Hi there. This is just a request that when you post again you not use 'phone' style. That's very hard for some to read, including me, so I had to skip it.
Please write in small paragraphs with the usual punctuation and lots of white space. Then members will not have trouble 'tracking' your lines and sentences, a problem often seen in MS. Thank you.
I was very depressed when I was diagnosed with MS. I worried about having every symptom of MS hitting me. I went to therapy for 5 years. Soon after I was diagnosed with MS I was diagnosed with stage IV Ovarian Cancer. I had Cancer in 15 places in my body. Again I got depressed. Both the Cancer and the MS have backed off. I am healthy and happy. I do get Cancer treatment every week which is tiring and expensive. I am doing so well I just quit therapy.
I have a bucket list of things I want to do before I dies. I have ridden in a hot air balloon, ridden an icelandic horse, adopted a deaf dalmatian puppy, I go to the beach every chance I get. I am married to a wonderful man and have lots of great friends.
Life is pretty great.
I'm sorry you're feeling so anxious! I had MS for 25+ years before my diagnosis, and I raised a child, am now a grandmother, and still do some pretty wild and crazy things. My secret? Just live One Day at a Time, much like Dee mentioned above.
Yeah, I walk with a stick, and I've had to cut my working hours, but I'm still good on a road bike and in a kayak.
Keep planning fun things for your kids and you. Keep in touch with your therapist and neurologist. The first year or two after diagnosis is the worst when it comes to our emotions and the "worst case scenarios" we conjure up in our minds. Worrying is just trying to control what can't possibly be controlled (thank you, Alex). After a while, we just get on with this business of living our lives.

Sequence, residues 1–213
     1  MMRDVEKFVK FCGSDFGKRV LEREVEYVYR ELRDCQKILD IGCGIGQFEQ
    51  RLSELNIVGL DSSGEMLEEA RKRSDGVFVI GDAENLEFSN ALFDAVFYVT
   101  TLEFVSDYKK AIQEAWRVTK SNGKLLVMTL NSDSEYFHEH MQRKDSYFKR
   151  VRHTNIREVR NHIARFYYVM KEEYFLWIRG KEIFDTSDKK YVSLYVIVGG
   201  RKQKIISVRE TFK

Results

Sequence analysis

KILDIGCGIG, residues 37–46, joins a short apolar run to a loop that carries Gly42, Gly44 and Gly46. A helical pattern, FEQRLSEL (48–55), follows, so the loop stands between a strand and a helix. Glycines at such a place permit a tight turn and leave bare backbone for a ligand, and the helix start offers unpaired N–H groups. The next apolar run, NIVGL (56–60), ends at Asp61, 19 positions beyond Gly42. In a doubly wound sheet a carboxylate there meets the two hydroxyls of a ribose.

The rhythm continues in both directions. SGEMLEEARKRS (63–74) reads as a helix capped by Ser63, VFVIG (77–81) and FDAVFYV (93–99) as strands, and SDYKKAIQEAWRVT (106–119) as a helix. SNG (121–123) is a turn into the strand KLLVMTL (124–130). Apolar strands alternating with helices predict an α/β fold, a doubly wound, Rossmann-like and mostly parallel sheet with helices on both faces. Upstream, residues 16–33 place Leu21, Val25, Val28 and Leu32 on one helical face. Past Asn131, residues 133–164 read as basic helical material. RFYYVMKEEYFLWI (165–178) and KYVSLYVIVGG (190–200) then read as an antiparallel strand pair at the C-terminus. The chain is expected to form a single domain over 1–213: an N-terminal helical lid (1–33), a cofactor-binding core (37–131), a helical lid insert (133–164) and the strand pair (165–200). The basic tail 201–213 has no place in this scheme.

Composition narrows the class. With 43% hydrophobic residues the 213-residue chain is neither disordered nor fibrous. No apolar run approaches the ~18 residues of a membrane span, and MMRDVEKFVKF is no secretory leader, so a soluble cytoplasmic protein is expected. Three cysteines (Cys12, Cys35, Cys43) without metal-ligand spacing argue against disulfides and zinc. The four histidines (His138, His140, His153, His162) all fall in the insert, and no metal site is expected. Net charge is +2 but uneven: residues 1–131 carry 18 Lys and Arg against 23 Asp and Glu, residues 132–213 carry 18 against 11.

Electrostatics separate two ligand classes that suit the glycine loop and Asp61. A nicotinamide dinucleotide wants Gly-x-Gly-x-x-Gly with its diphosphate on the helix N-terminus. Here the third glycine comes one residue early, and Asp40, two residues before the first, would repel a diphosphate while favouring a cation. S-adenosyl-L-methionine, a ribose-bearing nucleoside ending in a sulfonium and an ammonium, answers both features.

How long have you been on medication for your MS? For Depression?
I have extensive experience with depression in myself and my family to tell you that, first, none of the medications work right away, some take many weeks, others just a few until you notice some diminishment of your depression, but more than that, there is a reason there are SO many SSRIs (Selective Serotonin Reuptake Inhibitors), SNRIs (Serotonin/Norepinepphrine Reuptake Inhibitors, Tricylcics and more.
It is because they don't all work for everyone.
Sometimes you have to go through a succession until you find the one that works for you. My poor DD went through three years of trial and error. And there are some that are known to work a bit more successfully for MS patients.
These are the ones that National MS Society has on their Medications page. My daughter used at least three of these, plus others, that did nothing. One on this list was the magic bullet for her. I hope this might help you gain some stability and clarity, which might help you get yourself together to deal with all the rest of things.
Cymbalta (duloxetine hydrochloride)